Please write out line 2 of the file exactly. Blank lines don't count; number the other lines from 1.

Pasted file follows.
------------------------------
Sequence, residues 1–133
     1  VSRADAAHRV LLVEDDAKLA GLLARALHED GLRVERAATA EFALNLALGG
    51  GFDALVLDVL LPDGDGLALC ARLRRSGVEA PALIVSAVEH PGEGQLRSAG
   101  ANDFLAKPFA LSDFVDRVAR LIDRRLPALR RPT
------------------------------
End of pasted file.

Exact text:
     1  VSRADAAHRV LLVEDDAKLA GLLARALHED GLRVERAATA EFALNLALGG